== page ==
Sexual harassment isn’t inevitable, but passive reporting makes it seem so. Amelia Elson argues that in order to fix this, more pressure needs to be put on the men who sexually harass women.
TW: Sexual assault and harassment.
There is no doubt that the world, and especially the UK, are reeling after the recent Sarah Everard news. In light of the Guardian’s recent study that revealed that 97% of all women had experienced sexual harassment of some kind, this news is deeply shocking and hugely disturbing. And not just for Sarah Everard and what happened to her, but for what it means for women.
As a sexual assault survivor, I feel a bit lost. This weekend, I felt bombarded with news headlines, Instagram stories, articles and opinions and I don’t quite feel like I’ve been able to escape it. Even Tiktok, usually my safe haven of funny distraction, is full of videos of women venting their anger and sadness or offering safety advice. Honestly, everything is triggering.
The Guardian’s study, while useful, is not shocking. We all know this. We all know women who have experienced sexual harassment. In fact, I don’t know a woman who hasn’t experienced it. What it does tell us though, or at least, what I get from this, is that it’s expected. The narrative has very much been passive and blameless. 97% of women have experienced sexual harassment, and thus 97% of women should expect this. Combine this with the tragic death of Sarah Everard and you see, across every news headline and Instagram story, the real-life worst nightmare of women.
It drives home the sad fact that it doesn’t matter how many precautions you take; if you called your boyfriend, wore trainers you could run in, walked along a brightly lit road or left at a good (early) time, what happens to you is purely luck. I certainly feel that I had become complicit in the idea that if I did all the right things and texted all the right people that I was leaving, and walked down all the right roads, I would be safe. But Sarah Everard’s shocking death has stripped back that safety net and made it blaringly obvious that no matter how careful I’m being, whether I get home or not is purely down to chance.
I was sexually assaulted in the street, in broad daylight in 2019. While it was deeply traumatic, I managed to make my peace with the experience by telling myself that I was lucky that only that happened and that next time, I would know what to do to not let it happen again. But now, a year and a half later, suddenly I feel almost the same as I did after it happened. I feel scared and upset and frustrated, and helpless and above all, so fucking angry. At the weekend, everywhere I turned, Instagram posts and new headlines have told me that yes, I was lucky to get away – very lucky – and even worse, absolutely nothing I can do will help prevent this from happening again, or worse.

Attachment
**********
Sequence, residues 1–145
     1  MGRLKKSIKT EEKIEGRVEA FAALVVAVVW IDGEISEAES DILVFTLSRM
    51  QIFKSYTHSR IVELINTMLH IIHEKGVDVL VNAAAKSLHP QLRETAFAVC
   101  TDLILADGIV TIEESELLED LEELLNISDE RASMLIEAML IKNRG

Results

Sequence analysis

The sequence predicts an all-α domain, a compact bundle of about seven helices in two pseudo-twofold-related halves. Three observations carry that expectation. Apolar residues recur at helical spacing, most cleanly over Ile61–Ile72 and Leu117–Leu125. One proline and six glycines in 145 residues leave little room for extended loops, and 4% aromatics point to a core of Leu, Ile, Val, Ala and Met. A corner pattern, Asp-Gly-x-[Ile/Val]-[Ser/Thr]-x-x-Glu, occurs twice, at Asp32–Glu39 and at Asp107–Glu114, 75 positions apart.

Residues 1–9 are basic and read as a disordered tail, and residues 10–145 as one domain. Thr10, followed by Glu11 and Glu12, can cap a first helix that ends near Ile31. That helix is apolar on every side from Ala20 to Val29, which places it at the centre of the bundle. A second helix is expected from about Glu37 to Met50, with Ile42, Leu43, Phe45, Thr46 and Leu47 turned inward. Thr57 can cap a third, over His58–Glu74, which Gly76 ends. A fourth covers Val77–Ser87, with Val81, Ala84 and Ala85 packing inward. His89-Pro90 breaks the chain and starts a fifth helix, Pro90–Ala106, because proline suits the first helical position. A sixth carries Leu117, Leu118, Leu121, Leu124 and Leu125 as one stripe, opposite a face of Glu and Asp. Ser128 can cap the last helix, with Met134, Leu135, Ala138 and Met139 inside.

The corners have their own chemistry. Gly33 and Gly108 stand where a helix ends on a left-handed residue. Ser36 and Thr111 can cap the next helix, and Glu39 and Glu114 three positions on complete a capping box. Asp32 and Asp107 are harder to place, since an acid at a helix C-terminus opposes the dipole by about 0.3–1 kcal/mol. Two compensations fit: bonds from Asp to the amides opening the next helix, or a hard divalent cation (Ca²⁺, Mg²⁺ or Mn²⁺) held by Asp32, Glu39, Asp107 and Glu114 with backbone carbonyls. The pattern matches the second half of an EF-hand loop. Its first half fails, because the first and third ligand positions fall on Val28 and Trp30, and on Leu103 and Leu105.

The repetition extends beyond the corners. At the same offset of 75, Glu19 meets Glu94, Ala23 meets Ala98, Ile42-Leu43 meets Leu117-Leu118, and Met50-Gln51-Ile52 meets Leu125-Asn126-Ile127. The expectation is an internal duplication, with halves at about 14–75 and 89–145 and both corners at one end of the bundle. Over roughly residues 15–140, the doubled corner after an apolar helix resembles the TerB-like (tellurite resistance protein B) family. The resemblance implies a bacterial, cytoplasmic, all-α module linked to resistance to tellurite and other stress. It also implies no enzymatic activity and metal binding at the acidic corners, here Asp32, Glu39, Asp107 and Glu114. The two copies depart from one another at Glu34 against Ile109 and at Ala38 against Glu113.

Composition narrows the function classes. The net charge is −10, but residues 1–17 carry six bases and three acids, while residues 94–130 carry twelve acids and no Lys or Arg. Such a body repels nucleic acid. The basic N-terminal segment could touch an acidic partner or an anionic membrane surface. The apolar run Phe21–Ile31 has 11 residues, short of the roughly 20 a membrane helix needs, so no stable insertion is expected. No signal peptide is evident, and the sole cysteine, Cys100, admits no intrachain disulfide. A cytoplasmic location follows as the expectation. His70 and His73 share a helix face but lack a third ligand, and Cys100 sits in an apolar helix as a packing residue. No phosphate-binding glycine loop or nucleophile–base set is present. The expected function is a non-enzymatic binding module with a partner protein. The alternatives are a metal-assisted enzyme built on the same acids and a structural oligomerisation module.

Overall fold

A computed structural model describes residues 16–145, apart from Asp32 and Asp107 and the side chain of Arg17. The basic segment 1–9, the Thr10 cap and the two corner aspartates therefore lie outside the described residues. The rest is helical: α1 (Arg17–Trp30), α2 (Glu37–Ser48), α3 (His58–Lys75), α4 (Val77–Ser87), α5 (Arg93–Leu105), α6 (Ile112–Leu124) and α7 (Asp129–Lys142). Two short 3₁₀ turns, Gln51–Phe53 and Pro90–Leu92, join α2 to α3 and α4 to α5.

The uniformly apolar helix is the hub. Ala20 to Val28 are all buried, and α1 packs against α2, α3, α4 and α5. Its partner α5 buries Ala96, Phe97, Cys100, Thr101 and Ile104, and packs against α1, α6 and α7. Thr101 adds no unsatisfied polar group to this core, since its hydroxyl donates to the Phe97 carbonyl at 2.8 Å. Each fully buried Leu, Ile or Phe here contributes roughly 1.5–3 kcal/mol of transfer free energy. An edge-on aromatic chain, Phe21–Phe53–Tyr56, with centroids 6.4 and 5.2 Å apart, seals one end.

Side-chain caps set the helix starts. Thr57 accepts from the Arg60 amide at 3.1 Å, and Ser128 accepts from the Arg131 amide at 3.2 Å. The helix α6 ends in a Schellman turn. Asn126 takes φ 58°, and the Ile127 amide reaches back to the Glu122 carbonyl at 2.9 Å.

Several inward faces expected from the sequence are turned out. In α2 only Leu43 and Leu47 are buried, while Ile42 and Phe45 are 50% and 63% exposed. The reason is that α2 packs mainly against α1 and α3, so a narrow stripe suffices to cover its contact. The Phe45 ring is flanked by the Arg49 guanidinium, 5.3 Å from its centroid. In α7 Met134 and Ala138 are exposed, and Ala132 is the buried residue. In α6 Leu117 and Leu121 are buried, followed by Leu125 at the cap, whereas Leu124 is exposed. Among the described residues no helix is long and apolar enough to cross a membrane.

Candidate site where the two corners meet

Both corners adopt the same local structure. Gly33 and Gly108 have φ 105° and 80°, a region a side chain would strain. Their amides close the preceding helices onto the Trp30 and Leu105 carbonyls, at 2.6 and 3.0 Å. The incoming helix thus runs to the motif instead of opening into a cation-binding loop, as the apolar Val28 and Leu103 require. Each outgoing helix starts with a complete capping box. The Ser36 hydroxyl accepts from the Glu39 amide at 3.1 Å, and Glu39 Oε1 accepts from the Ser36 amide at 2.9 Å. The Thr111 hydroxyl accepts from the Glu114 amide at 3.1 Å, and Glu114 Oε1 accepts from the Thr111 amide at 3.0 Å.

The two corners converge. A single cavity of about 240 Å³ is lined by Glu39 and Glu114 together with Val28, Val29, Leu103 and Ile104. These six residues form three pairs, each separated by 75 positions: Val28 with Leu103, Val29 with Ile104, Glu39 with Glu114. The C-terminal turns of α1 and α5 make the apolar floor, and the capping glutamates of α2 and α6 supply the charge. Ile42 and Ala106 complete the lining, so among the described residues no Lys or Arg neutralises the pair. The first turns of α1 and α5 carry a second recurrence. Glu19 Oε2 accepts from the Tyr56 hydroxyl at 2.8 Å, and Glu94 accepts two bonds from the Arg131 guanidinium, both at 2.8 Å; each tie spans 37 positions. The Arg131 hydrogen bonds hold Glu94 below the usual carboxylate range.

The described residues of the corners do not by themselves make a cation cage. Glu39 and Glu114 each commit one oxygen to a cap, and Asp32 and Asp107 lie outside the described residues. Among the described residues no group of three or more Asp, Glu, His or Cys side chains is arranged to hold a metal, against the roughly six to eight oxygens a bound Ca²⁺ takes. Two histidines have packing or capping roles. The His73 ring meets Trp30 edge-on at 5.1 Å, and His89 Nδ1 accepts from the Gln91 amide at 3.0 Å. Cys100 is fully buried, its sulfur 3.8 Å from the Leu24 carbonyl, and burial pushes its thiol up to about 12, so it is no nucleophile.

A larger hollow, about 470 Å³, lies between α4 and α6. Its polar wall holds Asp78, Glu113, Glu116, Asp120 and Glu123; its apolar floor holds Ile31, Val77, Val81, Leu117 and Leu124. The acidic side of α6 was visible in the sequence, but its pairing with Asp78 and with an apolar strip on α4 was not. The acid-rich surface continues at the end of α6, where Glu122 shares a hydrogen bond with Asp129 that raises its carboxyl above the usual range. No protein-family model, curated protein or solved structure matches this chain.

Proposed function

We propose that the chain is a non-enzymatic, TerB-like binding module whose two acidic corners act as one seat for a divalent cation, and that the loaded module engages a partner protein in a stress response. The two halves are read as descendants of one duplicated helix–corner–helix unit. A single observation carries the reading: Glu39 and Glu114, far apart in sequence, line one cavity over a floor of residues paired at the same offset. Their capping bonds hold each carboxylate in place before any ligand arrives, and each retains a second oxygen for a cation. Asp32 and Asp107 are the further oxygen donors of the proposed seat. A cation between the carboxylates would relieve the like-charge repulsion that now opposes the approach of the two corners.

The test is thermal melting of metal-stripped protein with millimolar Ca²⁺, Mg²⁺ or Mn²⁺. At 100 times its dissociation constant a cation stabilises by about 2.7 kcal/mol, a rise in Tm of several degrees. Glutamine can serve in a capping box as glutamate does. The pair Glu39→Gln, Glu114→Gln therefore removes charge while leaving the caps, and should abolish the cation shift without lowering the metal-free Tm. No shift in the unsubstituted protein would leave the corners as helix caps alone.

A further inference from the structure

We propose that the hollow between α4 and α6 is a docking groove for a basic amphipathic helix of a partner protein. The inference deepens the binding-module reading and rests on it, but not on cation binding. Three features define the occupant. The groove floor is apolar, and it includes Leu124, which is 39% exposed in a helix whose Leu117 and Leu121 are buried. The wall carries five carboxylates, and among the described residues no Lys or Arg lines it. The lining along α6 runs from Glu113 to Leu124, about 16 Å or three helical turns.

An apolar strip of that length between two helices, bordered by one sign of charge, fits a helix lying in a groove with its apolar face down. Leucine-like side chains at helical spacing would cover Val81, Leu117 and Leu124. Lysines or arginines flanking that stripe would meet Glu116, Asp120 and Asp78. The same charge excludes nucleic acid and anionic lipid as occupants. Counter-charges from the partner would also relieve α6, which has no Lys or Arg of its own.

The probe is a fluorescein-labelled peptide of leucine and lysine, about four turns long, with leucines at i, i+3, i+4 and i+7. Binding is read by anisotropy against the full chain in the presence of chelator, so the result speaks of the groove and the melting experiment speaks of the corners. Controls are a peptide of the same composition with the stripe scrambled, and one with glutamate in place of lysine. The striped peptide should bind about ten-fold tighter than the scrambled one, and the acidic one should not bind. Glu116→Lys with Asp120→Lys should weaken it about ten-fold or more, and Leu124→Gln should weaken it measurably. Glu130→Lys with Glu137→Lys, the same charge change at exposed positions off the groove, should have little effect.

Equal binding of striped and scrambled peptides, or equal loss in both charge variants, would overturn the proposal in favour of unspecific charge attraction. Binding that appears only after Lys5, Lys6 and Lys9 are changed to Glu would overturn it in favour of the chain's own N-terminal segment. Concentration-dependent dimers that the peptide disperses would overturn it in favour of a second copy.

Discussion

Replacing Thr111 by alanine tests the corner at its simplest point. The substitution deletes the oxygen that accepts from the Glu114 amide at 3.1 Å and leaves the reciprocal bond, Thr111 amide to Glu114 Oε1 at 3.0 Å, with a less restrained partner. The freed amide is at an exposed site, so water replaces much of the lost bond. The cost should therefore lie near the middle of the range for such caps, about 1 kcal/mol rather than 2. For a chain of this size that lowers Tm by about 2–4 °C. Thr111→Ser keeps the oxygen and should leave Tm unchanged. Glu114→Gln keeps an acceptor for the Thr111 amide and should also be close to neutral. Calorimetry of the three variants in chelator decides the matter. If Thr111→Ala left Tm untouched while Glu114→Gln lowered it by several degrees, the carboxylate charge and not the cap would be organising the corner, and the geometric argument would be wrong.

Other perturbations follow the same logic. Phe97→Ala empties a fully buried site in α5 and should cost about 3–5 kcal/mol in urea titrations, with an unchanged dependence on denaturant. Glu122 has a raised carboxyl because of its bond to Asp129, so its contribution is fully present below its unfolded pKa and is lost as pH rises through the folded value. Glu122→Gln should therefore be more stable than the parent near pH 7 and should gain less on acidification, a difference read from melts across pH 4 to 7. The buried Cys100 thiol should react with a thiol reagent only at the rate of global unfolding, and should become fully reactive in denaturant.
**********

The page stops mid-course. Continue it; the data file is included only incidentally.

Beyond how upsetting I found the events of this weekend, I find the whole narrative sickening. The news that 97% of women have experienced sexual harassment is not shocking. What is shocking is that the conversation seems to have stopped there. There is no blame in this statement; it is passive in every way it can be. Where do men come into this conversation? Because as we know and have learnt, nothing that women are doing to keep ourselves safe is working. If our safety is down to chance, then it sure feels like men roll the dice. There has been very little pressure or blame put onto the men who sexually harass women. Most conversations I’ve had with men about how I feel has been met with something very similar to, ‘That’s horrible, I don’t know anyone that would ever do anything like that, though’. This feels uncomfortably close to ‘not all men’ and also feels like they’re avoiding the real issue. If you didn’t know the statistics then, you know them now. It is not the time to be talking about who would do such a thing, but recognising that this is happening to women, right now. Beyond this, it is clear that women can’t do anything more, so the onus is on you, men, to step up, educate yourselves, and hold your friends accountable.
I was debating whether to write this or not. Aside from the fact that I am white, cis and have the privilege to attend a good university, I felt that my own experience with sexual assault wasn’t that important given what countless other women, especially trans women experience. A prime example is shown in our news headlines right now. But feeling lucky doesn’t mean I should be silent. I guess, what I mean to say is, change the message. For sexual assault survivors, fearmongering and telling women that their fate is inevitable is unhelpful and reinforces blame and helplessness. We need to start talking about how to fix this, not how broken it is.
Art by Amelia Elson.